I received a text from my son last night that he had just done the crow’s pose. It was his first time ever taking a yoga class and clearly then the first time he had ever contorted his body into something such as the crow pose. “It was pretty rigorous” he texted. I had no idea what a crow’s pose was so I “Googled” it. Turns out the crow’s pose is a kind of squatting hand stand. It is also called the crane’s pose. It requires balance, strength, concentration and grace. It looked rigorous and I could imagine how experiencing it even for a few moments would be clearly enlivening.
As we move into the final days of the church’s program year and anticipate the expanse that we crave summer will bring, I am thinking about the crow pose. What if our Sabbath time, our time of rest and renewal was not just about throwing ourselves down on the coach gasping for breath, but what if it was instead about taking up a new posture of balance, strength, concentration and grace? What if our summer Sabbath time could be about recalibrating our minds and bodies so that we may be dwell together in alert awareness, not pushing through exhausted, but honoring a time of rest, while also challenging ourselves to grow in strength and endurance whatever that may mean for our physical selves.
There is a distortion I believe that has crept into the Christian mindset and that is that somehow the body and the spirit are at odds. If we are people of flesh then we cannot be people of spirit. To be grounded in the physical is somehow to be divorced from the divine. Or another distorted rift on this is that as Christians we are called to sacrifice the body for the higher calling of the spirit.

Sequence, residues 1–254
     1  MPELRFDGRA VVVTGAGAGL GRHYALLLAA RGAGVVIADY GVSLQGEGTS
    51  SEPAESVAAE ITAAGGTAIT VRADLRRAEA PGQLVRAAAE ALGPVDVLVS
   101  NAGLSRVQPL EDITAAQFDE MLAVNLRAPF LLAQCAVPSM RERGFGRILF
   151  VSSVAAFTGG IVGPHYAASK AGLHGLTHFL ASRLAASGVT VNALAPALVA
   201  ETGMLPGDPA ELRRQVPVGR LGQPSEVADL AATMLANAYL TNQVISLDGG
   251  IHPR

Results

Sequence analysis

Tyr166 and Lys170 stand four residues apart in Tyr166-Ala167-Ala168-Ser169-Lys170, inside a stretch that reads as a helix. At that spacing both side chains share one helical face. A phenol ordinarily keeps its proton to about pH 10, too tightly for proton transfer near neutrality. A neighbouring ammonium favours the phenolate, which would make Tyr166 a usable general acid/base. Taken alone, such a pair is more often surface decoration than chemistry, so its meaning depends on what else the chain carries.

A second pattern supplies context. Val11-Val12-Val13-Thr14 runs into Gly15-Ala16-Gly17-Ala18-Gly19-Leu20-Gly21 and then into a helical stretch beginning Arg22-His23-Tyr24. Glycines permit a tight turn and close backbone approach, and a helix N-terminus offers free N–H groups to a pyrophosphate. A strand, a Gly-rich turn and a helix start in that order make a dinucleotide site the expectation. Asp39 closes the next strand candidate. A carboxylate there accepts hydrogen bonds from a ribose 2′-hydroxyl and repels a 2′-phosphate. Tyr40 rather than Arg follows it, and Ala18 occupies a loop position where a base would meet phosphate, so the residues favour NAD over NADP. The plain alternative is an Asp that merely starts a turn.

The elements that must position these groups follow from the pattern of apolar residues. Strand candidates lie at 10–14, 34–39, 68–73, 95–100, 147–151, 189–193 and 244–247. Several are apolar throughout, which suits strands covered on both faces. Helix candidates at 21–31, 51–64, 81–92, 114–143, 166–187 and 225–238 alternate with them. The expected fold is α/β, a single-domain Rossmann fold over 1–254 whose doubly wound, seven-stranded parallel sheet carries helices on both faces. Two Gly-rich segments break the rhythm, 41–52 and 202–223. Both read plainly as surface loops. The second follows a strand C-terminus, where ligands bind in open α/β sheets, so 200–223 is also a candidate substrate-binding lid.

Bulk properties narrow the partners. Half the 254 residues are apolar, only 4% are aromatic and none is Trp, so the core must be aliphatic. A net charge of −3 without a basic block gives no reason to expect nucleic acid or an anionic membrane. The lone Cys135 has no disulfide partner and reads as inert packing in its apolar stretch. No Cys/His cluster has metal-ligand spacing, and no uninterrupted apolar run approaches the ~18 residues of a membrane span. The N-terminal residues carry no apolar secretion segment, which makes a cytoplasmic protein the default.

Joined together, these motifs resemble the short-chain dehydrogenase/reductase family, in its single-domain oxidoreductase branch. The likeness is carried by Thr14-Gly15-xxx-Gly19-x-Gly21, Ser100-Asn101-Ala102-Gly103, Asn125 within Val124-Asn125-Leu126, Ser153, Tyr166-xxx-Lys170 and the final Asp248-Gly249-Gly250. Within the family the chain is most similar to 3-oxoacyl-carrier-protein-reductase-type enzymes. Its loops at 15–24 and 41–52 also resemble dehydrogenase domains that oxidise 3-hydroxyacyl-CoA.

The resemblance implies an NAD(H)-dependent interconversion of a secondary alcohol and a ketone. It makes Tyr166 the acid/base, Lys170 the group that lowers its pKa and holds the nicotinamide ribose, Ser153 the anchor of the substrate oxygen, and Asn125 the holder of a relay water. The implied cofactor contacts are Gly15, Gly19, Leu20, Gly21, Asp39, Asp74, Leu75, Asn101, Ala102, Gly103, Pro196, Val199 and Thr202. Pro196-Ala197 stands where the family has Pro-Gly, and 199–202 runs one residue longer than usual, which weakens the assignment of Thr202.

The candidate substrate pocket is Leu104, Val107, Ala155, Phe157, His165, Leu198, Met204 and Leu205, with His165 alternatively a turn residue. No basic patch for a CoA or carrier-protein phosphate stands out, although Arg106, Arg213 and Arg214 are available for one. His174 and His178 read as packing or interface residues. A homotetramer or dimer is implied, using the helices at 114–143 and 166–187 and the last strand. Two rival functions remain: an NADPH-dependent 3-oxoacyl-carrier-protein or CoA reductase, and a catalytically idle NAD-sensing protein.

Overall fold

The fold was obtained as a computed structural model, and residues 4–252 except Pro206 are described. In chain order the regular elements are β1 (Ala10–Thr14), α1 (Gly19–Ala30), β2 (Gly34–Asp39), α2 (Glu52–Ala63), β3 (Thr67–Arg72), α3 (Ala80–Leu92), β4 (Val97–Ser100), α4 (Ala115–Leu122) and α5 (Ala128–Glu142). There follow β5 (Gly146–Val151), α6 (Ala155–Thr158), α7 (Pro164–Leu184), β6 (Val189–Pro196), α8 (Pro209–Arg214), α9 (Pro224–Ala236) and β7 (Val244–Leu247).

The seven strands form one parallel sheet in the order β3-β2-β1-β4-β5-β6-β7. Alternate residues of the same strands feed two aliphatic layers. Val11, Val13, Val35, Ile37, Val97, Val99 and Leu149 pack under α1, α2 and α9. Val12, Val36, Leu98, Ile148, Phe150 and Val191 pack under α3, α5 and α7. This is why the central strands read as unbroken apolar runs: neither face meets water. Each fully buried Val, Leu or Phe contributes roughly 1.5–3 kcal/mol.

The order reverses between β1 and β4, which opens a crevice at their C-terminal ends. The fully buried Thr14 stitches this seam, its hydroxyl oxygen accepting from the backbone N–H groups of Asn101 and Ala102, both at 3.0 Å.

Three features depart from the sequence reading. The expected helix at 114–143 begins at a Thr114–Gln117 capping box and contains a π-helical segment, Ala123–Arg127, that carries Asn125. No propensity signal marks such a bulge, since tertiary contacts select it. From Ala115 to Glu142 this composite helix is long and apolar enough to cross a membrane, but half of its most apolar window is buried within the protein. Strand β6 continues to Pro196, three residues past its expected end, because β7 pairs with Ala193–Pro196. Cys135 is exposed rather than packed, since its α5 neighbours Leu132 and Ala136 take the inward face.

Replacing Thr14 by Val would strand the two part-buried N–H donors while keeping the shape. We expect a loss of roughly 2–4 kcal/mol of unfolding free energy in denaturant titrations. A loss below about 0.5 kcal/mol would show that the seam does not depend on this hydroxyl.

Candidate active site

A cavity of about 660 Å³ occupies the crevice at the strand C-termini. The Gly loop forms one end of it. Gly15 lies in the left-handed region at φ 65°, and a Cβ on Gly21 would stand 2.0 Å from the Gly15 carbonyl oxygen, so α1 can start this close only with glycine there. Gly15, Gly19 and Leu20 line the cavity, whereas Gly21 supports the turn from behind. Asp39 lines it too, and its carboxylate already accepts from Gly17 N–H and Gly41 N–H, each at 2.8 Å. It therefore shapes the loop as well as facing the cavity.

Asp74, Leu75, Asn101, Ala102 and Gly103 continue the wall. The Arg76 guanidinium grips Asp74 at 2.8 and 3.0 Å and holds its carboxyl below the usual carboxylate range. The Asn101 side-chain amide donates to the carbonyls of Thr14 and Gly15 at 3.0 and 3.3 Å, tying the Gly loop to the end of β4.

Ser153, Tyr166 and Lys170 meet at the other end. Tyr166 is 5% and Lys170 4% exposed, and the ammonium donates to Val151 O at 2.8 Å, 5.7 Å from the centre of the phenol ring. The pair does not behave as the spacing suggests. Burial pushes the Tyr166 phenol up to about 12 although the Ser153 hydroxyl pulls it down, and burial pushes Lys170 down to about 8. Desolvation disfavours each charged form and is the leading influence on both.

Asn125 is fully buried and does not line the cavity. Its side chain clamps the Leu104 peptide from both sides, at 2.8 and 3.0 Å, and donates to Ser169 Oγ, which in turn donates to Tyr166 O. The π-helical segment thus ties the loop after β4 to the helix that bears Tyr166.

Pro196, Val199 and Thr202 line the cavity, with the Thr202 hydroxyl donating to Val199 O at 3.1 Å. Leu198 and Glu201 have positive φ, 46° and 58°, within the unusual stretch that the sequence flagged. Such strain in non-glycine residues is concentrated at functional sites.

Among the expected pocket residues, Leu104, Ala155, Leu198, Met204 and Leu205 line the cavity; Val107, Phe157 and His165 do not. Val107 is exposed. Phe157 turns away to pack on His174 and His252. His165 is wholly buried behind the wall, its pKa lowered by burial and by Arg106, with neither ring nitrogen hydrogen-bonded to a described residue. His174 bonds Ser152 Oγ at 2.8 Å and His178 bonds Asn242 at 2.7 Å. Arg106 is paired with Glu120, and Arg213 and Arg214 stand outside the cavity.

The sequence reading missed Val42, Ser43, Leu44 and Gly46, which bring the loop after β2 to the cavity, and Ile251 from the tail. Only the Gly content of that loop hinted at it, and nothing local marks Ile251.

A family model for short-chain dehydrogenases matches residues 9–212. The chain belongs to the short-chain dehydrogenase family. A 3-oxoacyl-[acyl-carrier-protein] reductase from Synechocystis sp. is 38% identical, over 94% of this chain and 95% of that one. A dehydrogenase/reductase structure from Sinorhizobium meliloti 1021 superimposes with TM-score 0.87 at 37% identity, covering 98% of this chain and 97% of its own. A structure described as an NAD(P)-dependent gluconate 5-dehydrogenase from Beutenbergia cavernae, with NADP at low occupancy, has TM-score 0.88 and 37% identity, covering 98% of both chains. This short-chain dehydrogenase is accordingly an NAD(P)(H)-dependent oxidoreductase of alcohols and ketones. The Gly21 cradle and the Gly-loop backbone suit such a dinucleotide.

But clearly that is a distortion! For how can a loathing of flesh live in the same space as the central celebration of our faith — that God so loved the world that God took on flesh in the person of Jesus to dwell in our common lot. Incarnation starts it all!
So this summer as the sun warms your face and as the beach and path, road and mountain call you outward, I wonder if in our own unique ways, honoring the grace and limitations of our own bodies we may be bold enough to discover what our own “crane pose” could be. What could a “crow pose” feel and look like for us? What would living in live balance, strength, concentration and grace look like for you?
By the way, the crow in Native American spirituality was said to be full of wisdom, the only bird that had the power to talk and in Japanese mythology the Crane is seen to symbolize wisdom, balance, communication, independence, knowledge, solitude, and vigilance. Maybe this summer, we all could benefit by practicing the crow/crane pose, in whatever way our dear bodies can.